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Friday, November 25, 2011

Car ChargingPower Points

With electric cars finally beginning to enter the domestic fleets of the world, we are going to need lots of charging points.  Everyone with an electric car will have a power point at home.  In fact you already do.  As long as you don't want fast charging, all you need is an extension cord from the nearest outlet.  This will give you somewhere between 10 and 25 amp charging, depending on your individual electrical set up.  However, here we are talking about charging away from home.

Commercial charging points will spring up in company parking lots, along streets instead of, or integrated into parking meters, at restaurants, in high rise commercial parking lots and so forth.  What characteristics should they have.

You should be able to swipe your card and then choose a number of options.

  With respect to the amount of power you want, you should be able to choose full charge or a given amount of money or a given number of kWh (kilowatt hours).  If, by chance, you chose more than your car can take at the time, you would only be debited for the amount you used; not the amount you asked for.

With respect to the supply options you should be able to choose Charge now (at the full day time cost per kWh) or option 1, 2 or 3.  Option 1 would cut in when the power company sends a signal down the line or over a dedicated phone chip that because of extra generating capacity, somewhat cheaper electricity is now available.  Option 2 cuts in when the uptake of electricity by offering Option 1 is not enough to balance the load with the supply and option 3 a further reduction in price to bring  even more load on line.  Each option gives the consumer less expensive electricity than the previous option and allows the power company to sell more electricity and not waste water.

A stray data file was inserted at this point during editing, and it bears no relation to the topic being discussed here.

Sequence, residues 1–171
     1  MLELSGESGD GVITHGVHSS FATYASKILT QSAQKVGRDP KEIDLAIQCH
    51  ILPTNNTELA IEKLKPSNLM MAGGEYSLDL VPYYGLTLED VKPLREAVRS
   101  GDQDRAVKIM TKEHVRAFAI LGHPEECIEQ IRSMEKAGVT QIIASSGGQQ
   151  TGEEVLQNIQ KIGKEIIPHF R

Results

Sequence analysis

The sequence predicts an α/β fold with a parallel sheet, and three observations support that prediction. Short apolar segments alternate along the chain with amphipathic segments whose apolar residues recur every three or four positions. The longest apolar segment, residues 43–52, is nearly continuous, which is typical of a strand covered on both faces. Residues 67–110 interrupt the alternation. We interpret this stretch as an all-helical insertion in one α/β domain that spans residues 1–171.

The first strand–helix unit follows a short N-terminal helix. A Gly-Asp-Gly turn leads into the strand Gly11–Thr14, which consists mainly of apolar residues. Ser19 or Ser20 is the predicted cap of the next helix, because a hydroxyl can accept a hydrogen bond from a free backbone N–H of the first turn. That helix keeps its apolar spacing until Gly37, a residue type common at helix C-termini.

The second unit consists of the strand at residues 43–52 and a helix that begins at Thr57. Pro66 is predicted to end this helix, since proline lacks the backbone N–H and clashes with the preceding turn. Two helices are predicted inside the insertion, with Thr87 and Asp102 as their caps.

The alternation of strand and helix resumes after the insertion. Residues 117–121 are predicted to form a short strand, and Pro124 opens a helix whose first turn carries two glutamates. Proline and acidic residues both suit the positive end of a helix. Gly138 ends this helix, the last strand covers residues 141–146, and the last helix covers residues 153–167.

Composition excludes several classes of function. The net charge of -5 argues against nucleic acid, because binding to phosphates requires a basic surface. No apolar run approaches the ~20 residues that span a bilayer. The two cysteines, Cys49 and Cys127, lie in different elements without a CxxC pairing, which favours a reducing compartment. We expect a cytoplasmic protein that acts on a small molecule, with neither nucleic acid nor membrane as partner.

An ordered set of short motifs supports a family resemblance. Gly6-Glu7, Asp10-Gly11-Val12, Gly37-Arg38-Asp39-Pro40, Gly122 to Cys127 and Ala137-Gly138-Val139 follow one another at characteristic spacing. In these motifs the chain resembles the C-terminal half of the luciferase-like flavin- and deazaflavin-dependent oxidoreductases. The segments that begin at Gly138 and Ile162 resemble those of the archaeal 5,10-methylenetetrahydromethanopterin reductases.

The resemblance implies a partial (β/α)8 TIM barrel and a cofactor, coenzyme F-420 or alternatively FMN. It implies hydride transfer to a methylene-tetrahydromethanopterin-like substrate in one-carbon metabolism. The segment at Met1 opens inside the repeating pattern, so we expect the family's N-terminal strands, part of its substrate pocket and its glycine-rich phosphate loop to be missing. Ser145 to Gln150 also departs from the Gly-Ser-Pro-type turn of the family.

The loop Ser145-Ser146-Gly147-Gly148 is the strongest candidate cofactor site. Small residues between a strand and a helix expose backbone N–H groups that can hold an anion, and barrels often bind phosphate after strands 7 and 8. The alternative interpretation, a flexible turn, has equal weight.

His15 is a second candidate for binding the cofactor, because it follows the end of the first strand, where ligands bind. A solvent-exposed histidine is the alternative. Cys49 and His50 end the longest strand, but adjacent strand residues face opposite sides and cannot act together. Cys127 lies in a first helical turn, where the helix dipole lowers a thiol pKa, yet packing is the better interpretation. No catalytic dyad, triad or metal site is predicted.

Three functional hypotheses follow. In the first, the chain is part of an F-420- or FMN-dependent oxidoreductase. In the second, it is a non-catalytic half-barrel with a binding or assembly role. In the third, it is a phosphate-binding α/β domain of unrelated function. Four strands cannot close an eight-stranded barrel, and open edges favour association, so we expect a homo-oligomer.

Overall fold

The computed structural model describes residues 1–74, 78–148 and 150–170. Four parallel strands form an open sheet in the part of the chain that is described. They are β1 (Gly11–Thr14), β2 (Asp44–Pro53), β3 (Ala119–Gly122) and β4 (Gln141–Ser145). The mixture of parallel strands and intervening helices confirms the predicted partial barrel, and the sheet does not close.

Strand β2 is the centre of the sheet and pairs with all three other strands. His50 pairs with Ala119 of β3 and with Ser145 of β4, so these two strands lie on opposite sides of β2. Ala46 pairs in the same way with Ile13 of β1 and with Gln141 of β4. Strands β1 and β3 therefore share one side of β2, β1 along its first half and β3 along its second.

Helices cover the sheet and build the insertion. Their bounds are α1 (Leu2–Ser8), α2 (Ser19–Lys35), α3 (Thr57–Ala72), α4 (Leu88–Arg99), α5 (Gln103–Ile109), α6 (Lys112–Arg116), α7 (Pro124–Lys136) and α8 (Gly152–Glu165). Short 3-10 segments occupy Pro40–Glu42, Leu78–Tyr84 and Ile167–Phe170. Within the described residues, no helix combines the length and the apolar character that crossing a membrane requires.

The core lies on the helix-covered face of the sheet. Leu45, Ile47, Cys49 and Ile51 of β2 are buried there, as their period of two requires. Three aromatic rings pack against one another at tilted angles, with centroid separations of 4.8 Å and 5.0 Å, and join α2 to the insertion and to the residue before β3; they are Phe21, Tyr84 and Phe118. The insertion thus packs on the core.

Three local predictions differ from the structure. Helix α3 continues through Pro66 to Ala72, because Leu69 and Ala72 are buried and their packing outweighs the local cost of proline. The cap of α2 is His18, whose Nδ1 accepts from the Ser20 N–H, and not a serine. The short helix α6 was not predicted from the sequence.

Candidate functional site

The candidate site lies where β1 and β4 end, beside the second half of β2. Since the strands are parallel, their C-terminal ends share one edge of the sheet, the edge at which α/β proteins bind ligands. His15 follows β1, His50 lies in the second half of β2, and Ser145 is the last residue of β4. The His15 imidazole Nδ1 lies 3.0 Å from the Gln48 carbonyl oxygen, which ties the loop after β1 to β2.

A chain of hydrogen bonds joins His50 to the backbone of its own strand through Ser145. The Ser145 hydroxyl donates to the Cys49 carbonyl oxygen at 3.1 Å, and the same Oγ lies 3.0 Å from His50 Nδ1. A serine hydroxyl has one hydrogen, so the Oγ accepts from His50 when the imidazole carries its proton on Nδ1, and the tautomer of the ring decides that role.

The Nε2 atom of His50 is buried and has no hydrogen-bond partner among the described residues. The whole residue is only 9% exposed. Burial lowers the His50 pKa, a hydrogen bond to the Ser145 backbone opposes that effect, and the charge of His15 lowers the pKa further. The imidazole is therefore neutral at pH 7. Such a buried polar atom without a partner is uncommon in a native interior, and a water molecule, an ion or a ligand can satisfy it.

This is supply balancing and has some definite advantages over the present supply balancing.  Every kWh you take when it is available is one less that you take when supplies are low.

At home, if you have a dedicated, smart-charging point you might even have option 4.  Option 4 is "Charge and Supply".  You would use this one when you are not going to be using your car for a while.  You might be on vacation overseas or you might only use your car on weekends so the car during your holiday or during the week  would be plugged into Option 4.  With this option, your car will receive charge when option 3 (the least expensive electricity) is available and will send power back to the grid when the power company signals that it needs some peak shaving (high load and hence a short term need for extra electricity).  In this mode, your electric vehicle will generate a small but very welcome revenue for you.

Hopefully, the power companies will be smart enough to realize that if they set up the system to allow the customer to save money and to have options, they gain as well.  They gain by being able to sell more of their power rather than letting water flow over the spillway or having to feather their wind turbines.  They gain by not having to build a dedicated, very economically wasteful  power station just for peak shaving and they gain by having the good will of their customers.  They also help their country and the world by putting less carbon into the environment.  Systems as described above are ideal for using intermittent renewable power sources such as wind, hydro and solar and if you have a charged battery in your car, charged when excess energy is available, you will  demand less  power when fossil fuel must be used to generate it.